Smuggling of subsidised inputs out to neighbouring countries is a menace that is gradually growing into an “industry”. This syndicate can only be curtailed if the state gives more attention to the security of our borders along with such border areas. Government cannot invest millions of dollars and relax the security of its investments.
Though some women are playing key roles in the PFJ, there is still more room for improvement. Encouraging women participation will contribute to the improvement of livelihoods of more homes in rural Ghana.
Recommendations for PFJ
The following are recommendations to make PFJ better and more impactful:
- Since women are integral to the economy, there should be a deliberate sub-programme to engage more women in agriculture.
Women are contributors to the domestic economy of the homes in Ghana. They also spend more time with the children who happen to be future labour of the country. There is no better way of inculcating the desire of seeing farming as a source of livelihood than the transmission of this desire from mother to child.
- All private companies who are appointed to supply inputs under PFJ must dedicate at least 10% of inputs into outgrower schemes or nucleus farms.
It should be part of the future government policy to make farming part of the operations of those who want to benefit from the subsidies. This will lead to the direct investment of a significant portion of subsidised inputs into farms under the management of businesses or firms. As private players, companies will ensure that due diligence is done to ensure actual productions are undertaken. This shall lead to the employment of agronomists and private extension agents.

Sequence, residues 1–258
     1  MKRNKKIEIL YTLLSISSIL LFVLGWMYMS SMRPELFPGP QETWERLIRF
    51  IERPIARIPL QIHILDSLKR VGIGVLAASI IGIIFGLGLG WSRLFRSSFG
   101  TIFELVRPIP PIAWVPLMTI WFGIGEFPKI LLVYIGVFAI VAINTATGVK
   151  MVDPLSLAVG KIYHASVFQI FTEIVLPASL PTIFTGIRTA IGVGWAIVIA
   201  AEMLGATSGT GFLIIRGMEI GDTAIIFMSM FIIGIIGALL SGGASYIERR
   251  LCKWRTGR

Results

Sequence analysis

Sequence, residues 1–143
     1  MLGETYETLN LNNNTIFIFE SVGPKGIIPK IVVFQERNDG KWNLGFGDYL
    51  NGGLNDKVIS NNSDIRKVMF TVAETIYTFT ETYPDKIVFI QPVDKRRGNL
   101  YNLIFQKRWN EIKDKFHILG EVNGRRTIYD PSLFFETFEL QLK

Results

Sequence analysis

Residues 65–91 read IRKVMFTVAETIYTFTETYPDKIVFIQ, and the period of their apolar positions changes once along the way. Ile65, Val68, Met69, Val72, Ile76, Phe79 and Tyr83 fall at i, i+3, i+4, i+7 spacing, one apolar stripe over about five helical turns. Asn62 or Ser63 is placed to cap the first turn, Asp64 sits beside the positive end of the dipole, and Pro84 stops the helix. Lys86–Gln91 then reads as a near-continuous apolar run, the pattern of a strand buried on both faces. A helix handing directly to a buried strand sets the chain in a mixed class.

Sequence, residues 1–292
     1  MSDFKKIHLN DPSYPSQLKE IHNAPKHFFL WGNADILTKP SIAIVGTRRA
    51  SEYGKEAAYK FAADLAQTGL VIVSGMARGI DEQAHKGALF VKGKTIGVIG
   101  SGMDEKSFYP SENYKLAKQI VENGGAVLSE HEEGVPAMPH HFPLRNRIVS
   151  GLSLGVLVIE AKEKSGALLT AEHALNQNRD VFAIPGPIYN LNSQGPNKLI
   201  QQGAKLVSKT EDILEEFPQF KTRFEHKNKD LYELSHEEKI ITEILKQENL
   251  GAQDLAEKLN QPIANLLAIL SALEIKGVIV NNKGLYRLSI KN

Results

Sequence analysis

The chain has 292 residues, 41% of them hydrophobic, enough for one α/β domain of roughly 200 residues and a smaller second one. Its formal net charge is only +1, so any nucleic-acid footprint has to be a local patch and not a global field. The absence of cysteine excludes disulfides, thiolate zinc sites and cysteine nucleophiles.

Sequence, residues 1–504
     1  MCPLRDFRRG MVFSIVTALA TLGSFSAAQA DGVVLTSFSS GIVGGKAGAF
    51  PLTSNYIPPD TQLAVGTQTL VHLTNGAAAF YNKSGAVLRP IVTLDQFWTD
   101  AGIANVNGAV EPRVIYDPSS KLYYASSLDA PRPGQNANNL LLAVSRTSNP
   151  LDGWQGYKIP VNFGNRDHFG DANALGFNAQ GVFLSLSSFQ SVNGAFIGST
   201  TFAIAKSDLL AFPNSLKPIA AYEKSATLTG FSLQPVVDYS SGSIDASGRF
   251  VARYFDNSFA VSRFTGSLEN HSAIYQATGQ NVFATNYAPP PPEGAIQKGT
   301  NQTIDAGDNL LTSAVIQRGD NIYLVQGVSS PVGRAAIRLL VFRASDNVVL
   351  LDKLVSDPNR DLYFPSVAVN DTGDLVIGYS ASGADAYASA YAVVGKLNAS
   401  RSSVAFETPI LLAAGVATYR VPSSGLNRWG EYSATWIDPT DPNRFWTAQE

- Input subsidies should be open and structured so as to allow the market forces to play out
As it is a known fact that input subsidies will not be forever. Input subsidies should be made open to all who import some selected products. These subsidies should be made automatic at the port. Afterwards, government can then allow those with the best marketing prowess win. This option has the tendency of reducing if not eradicate corruption in the current subsidy regime practice
- More attention be given to sustainable agricultural practices
Yes, fertilizers are good for crops. However, currently, global supply chain issues have exposed us to production challenges we may face should the situation not get better. It is time to inculcate sustainable agricultural practices like Integrated Fertilizer Management in the PFJ. This is the gradual shift from wholly depending on inorganic fertilizer to having an integration of organic fertilizers, compost and foliar supplement. This can immune farmers from the continuous increase of global inorganic fertilizers, thus making their production less costly yet more productive.